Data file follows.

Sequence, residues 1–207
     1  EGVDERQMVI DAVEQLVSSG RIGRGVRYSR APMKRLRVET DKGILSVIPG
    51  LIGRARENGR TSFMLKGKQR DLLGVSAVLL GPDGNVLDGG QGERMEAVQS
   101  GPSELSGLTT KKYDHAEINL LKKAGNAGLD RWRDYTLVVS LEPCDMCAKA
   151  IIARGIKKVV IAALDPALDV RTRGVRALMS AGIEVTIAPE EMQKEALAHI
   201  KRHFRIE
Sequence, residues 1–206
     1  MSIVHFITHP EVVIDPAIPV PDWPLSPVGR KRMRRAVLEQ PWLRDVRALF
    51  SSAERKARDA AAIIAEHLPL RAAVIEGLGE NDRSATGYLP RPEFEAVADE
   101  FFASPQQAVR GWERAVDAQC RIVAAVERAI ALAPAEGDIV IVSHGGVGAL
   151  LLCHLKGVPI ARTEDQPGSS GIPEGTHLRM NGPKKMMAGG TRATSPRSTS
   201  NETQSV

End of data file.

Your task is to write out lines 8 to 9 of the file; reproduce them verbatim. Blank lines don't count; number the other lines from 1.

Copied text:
     1  MSIVHFITHP EVVIDPAIPV PDWPLSPVGR KRMRRAVLEQ PWLRDVRALF
    51  SSAERKARDA AAIIAEHLPL RAAVIEGLGE NDRSATGYLP RPEFEAVADE